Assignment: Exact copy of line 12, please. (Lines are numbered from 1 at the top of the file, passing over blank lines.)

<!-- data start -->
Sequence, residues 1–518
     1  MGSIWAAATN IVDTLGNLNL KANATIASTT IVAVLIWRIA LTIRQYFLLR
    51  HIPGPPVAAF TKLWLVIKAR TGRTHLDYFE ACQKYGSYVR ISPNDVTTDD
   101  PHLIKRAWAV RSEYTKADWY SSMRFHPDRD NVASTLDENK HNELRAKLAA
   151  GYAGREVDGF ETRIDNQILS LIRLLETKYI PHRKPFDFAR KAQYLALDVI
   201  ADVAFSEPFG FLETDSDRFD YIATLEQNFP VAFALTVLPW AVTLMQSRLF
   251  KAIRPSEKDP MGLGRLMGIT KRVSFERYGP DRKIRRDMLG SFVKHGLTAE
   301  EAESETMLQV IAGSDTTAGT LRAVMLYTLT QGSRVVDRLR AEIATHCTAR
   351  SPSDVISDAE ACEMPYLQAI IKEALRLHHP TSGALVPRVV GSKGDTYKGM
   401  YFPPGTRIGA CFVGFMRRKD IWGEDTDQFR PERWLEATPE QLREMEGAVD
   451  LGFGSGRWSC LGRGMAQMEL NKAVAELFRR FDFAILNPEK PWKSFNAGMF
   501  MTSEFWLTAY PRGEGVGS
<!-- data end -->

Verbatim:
   501  MTSEFWLTAY PRGEGVGS